About surgery for advanced melanoma

Surgery for advanced melanoma is not commonly done. But some people might have surgery if:

  • there is only 1 tumour
  • there are a few tumours, but they are all in 1 area
  • the tumours are not too big
  • a tumour is causing difficult symptoms.

This may be when the melanoma has spread to:

  • areas of skin or lymph nodes far away from where the melanoma started
  • the brain
  • the liver
  • the lung.

The type of operation you have depends on where the melanoma has spread. Your operation will be done by a specialist surgeon. The type of surgeon will depend on the part of the body that is affected.

Surgery to remove secondary melanoma in the brain, liver or lung is a big operation. The surgeon will check first to make sure it is suitable for you. They will talk to you about the possible benefits and risks of the surgery before you decide.

You usually need scans to check the melanoma has not spread anywhere else. You will also have other tests to make sure you are well enough to cope with the operation.

Before your operation, the surgeon and nurse will talk it over with you. It is important that you understand what it may involve. They will explain what to expect and how to prepare for your surgery.

You may have other treatments before or after your operation.

Melanoma that has spread to the skin

You may have surgery to remove melanoma that has spread to areas of skin far from the primary melanoma. Melanoma that spreads to the skin can cause new lumps. Sometimes these lumps bleed or cause discomfort. They can be removed under local or general anaesthetic, depending on the amount of skin being removed.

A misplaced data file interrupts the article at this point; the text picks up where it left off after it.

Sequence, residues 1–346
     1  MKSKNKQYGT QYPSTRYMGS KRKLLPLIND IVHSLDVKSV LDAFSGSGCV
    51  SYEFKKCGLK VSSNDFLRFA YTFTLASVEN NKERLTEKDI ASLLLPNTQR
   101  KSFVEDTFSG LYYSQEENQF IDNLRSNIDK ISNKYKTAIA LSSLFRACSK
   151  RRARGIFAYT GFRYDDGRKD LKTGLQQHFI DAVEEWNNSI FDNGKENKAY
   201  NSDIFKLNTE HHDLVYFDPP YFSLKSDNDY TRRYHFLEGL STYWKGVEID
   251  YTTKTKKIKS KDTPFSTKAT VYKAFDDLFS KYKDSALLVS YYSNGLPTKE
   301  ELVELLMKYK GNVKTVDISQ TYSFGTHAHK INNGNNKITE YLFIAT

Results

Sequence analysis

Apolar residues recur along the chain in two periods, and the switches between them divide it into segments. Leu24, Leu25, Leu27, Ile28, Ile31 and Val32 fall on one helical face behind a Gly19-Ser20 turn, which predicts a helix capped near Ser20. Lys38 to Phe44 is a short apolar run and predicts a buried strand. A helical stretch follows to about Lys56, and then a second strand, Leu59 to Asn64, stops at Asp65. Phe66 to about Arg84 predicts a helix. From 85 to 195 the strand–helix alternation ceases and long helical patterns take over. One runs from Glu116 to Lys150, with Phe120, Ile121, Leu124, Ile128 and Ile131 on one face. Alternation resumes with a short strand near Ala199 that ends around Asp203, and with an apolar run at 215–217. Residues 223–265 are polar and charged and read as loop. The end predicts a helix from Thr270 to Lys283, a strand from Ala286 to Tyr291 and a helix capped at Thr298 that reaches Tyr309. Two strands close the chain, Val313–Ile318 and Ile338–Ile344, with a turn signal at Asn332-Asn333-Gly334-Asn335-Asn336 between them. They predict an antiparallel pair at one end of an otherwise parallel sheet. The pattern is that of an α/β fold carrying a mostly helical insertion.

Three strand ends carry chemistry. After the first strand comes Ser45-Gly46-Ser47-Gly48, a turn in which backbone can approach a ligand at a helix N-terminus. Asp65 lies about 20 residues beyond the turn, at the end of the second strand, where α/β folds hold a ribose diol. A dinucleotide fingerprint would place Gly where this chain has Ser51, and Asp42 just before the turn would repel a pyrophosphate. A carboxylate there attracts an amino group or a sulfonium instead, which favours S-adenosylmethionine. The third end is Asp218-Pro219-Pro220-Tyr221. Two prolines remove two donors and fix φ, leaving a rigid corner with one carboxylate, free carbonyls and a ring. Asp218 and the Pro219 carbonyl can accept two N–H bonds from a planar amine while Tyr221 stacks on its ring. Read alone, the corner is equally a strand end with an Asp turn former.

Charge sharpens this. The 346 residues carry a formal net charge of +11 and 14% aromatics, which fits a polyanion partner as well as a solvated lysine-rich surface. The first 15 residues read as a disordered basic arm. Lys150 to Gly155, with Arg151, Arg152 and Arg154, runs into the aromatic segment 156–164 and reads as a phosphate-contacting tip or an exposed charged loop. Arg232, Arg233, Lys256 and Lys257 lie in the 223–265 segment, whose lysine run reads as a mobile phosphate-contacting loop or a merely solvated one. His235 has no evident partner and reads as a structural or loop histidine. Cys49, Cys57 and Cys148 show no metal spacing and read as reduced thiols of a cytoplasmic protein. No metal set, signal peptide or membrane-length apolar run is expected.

You may have the operation as a day case. Or you may need to stay in hospital overnight. Some people need skin taken from another part of the body to replace the skin that is removed. This is called a skin graft. Your surgeon or specialist nurse will explain more about this.

Your stitches will be removed about a week after surgery. If you have dissolvable stitches, they will not need to be removed. Your wound may need to be cleaned and dressed until it has healed. The hospital nurses can show you how to do this. Or they can arrange for a district nurse to do it for you at home.

Melanoma that has spread to the lymph nodes

Melanoma can spread to lymph nodes far away from the primary melanoma. The lymph nodes may become enlarged or feel hard. If this is uncomfortable or painful, you may have an operation to remove them.

You will have the operation under general anaesthetic. You may be in hospital for a few days. The type of operation you have depends on where the lymph nodes are. Your surgeon or specialist nurse will tell you more about what to expect.

After the operation

You may have a small tube (drain) to remove any fluid that builds up around your wound. The drain is connected to a small bottle. Your nurse will remove the drain when most of the extra fluid has drained away. This is usually within a few days.

Some people go home with the drain in place. It can be removed by a practice nurse at your GP surgery or a district nurse at home.

The wound will be covered with a dressing. Your stitches or staples will be removed 7 to 10 days after the operation. If you have dissolvable stitches, they will not need to be removed. The hospital nurses can show you how to take care of your wound. Or they can arrange for a district nurse to do it for you at home.

If your lymph nodes have been removed, you may develop swelling in an arm, leg or other part of the body. This will depend on where in the body the lymph nodes were removed. This is called lymphoedema. 

We have more information about how to reduce your risk of lymphoedema.

Melanoma that has spread to the brain

If melanoma has spread only to the brain, your doctor may talk to you about having surgery.